Twelve people in Philadelphia's "shadow government" were indicted on federal charges of conspiracy, fraud, extortion and false statements. They include the city's former treasurer, a top fund-raiser for the mayor, a president and vice president of Commerce Bank and eight others, named in the "pay-to-play" politics game that is the foundation of our corrupt city government.
Mayor Street was not charged with any crime, but remains a subject of an ongoing investigation, prosecutors said.
U.S. Attorney Patrick L. Meehan told reporters at a press conference that he didn't think the mayor could be indicted based on the evidence now in hand.
But Meehan, in announcing a 56-count indictment of the 12 defendants, blamed the mayor for enabling corrupting influences to seep through city government on his watch.
Meehan said an investigation by FBI and IRS agents, which included lengthy wiretaps, showed the mayor "allowed" a key fundraiser and friend, attorney Ronald White, "to wield the power, the corrupting power that he did."
The grand jury concluded that Street told his staff that White and his clients should get favored treatment and access to inside information.
White, 54, charged with conspiracy, fraud, extortion and false statements, allegedly "showered" former city treasurer and co-defendant Corey Kemp with payoffs and gifts in exchange for allowing White to choose who got lucrative city contracts.
Kemp, 34, responsible for $1.5 billion in city investments and deposits, also saw to it that White was hired to counsel the city on bond deals, an arrangement that earned White more than $633,000 in legal fees.
The two spoke often on the phone, unaware the FBI was listening. Last August, White told Kemp, "the key for us right now, man is to concentrate on getting John [Street] elected, so it gives us four more years to do our thing."
The only thing wrong in all of this is that our slimy mayor was not indicted either.
Why I will never vote for Hillary Clinton:
Headlining an appearance with other Democratic women senators on behalf of Sen. Barbara Boxer, who is up for re-election this year, Hillary Clinton told several hundred supporters -- some of whom had ponied up as much as $10,000 to attend -- to expect to lose some of the tax cuts passed by President Bush if Democrats win the White House and control of Congress.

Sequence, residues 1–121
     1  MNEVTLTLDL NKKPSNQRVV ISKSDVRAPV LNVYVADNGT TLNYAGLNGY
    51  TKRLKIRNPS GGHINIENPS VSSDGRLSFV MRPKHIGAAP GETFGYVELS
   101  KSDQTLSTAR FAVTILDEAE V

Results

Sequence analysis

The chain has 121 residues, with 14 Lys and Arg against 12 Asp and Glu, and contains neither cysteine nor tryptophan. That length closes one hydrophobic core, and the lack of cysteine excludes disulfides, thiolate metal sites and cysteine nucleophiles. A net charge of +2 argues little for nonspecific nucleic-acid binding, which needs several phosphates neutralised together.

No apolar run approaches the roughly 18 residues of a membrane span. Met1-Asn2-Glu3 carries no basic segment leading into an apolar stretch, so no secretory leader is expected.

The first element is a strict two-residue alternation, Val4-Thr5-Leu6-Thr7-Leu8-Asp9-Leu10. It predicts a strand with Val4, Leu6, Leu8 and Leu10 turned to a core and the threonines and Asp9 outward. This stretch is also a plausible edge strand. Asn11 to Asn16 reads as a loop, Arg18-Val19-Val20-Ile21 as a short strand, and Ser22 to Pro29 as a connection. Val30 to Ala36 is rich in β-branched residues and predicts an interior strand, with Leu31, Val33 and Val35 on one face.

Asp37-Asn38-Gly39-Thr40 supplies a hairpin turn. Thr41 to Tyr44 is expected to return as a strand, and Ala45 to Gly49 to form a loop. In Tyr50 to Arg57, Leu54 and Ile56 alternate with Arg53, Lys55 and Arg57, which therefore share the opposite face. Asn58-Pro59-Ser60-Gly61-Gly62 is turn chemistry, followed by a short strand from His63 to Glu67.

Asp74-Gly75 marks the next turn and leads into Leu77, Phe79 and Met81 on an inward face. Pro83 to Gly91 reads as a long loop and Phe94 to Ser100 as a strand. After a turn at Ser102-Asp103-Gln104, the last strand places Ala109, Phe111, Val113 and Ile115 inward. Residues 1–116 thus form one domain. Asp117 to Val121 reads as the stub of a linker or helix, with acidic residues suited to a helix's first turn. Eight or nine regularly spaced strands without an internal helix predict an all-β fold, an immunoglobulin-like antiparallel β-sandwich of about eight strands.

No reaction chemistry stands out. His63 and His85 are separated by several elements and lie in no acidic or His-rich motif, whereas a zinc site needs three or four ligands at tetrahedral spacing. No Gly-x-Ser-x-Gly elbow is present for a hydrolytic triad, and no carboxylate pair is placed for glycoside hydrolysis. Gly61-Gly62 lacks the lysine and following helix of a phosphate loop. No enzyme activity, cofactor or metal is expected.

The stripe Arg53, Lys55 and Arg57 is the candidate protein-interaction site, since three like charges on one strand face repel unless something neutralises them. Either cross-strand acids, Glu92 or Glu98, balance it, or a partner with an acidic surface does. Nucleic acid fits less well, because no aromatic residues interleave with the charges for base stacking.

"Many of you are well enough off that ... the tax cuts may have helped you," Sen. Clinton said. "We're saying that for America to get back on track, we're probably going to cut that short and not give it to you. We're going to take things away from you on behalf of the common good."
Lady, I've seen what the people in charge of "the public good" do with my money. (Please see story above on corrupt city government). If my city government is this bad, just imagine what the federal government is like with its pork, lobbyists and special interests.
[No thank you.]
James Lileks has an amusing story about his own encounter with someone advocating tax-cut roll-backs. He explained how he used his tax refund to replace his old staircase, hiring several people and injecting the money into the economy.
“Well, it’s a philosophical difference,” she sniffed. She had pegged me as a form of life last seen clicking the leash off a dog at Abu Ghraib. “I think the money should have gone straight to those people instead of trickling down.” Those last two words were said with an edge.
“But then I wouldn’t have hired them,” I said. “I wouldn’t have new steps. And they wouldn’t have done anything to get the money.”
“Well, what did you do?” she snapped.
“What do you mean?”
“Why should the government have given you the money in the first place?”
“They didn’t give it to me. They just took less of my money.”
That was the last straw. Now she was angry. And the truth came out:
“Well, why is it your money? I think it should be their money.”
Quote du jour:
"A government that robs Peter to pay Paul can always depend upon the support of Paul."
-- George Bernard Shaw (1856 - 1950) English dramatist, critic
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